Community relations hit sticky patch at Wallarah 2
A very quick article here that draws attention to an unfortunate example of how things can go wrong when the community relations process doesn’t run smoothly. As reported on Mining Australia, The Wallarah 2 coal mine has rejected the Darkinjung Local Land Council's opposition to the mine as a 'cash grab,' and bad relations seem to be playing out acrimoniously and very publicly. It’s an unfortunate balance to some of the more positive case studies we’ve been reporting of late.
In the words of the article:
“Earlier this week the Darkinjung Land Council slammed the mine's application as 'invalid',according to the ABC. Sean Gordon, the group's CEO, said the miner's proposed rail spur runs over native land, and refused to give permission to its operation. "I think it is quite risky for minister Hazzard to be continuing with this project knowing that it is operating without any jurisdiction over our land," he told the ABC.
The land in question measures around 1750 metres by 40 metres. The group has gone on to demand $300 million in compensation for access, or approximately$2/tonne for the life of the mine.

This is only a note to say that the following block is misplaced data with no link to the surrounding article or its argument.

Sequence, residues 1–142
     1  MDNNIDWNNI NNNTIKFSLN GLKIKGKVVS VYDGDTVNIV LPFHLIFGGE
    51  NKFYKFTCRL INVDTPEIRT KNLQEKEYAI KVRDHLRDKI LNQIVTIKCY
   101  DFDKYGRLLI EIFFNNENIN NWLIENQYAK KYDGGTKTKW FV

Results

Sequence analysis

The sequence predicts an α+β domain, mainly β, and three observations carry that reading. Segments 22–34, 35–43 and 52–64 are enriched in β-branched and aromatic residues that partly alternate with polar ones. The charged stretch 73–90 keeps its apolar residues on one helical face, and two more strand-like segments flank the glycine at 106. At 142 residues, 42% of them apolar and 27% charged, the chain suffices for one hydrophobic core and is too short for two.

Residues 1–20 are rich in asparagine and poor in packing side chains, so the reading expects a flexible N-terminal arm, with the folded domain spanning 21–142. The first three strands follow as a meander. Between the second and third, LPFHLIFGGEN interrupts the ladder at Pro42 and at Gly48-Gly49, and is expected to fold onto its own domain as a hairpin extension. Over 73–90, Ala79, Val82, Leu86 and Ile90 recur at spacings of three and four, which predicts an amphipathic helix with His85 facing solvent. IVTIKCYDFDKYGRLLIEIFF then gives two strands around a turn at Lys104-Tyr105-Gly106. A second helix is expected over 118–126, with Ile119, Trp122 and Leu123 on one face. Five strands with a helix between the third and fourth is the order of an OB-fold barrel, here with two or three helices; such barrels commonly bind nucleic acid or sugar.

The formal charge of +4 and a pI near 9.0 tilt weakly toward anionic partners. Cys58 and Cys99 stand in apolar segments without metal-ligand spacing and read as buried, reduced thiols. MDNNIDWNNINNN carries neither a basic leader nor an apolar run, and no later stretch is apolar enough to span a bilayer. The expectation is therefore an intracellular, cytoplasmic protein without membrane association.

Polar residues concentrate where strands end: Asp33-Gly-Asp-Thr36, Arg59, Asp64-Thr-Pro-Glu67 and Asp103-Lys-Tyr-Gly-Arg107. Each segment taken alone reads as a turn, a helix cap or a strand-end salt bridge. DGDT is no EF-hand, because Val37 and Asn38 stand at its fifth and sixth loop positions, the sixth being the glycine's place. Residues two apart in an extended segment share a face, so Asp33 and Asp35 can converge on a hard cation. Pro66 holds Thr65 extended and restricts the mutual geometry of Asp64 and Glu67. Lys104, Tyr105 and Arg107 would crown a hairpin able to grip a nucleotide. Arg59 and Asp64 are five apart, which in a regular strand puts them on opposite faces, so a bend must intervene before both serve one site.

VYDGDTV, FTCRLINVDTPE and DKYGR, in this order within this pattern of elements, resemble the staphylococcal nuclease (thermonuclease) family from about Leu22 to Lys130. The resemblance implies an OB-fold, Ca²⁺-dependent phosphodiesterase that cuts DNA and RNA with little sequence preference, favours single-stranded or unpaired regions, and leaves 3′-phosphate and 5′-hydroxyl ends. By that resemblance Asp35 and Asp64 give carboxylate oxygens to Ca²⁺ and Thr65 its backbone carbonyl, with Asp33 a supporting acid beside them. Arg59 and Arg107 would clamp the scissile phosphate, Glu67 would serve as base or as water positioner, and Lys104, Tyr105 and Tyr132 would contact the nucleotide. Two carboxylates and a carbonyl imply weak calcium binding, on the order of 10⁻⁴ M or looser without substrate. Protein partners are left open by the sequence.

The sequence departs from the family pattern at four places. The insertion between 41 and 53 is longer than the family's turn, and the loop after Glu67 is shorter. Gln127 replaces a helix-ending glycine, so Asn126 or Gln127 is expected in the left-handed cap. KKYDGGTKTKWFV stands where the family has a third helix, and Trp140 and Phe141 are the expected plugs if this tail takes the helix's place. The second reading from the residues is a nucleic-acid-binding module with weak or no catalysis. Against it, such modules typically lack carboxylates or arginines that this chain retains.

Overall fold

Wallarah 2 has slammed the recent move, stating that it has "had ongoing discussions with Darkinjung for many years regarding compensation for accessing Darkinjung land to build a rail spur connecting the existing railway line in order to transport coal to the port of Newcastle".
"Wallarah 2 has offered Darkinjung a generous compensation package, including cash compensation, support for a proposed training centre, apprenticeships for local Aboriginals and tertiary scholarships over the life of the proposed mine," it said in a company statement. It went on to say the new $300 million claim for the land "equates to $30 million per hectare, or $170 000 in land access fees for every lineal metre of railway track built across Darkinjung land".
"This demand amounts to extortion.””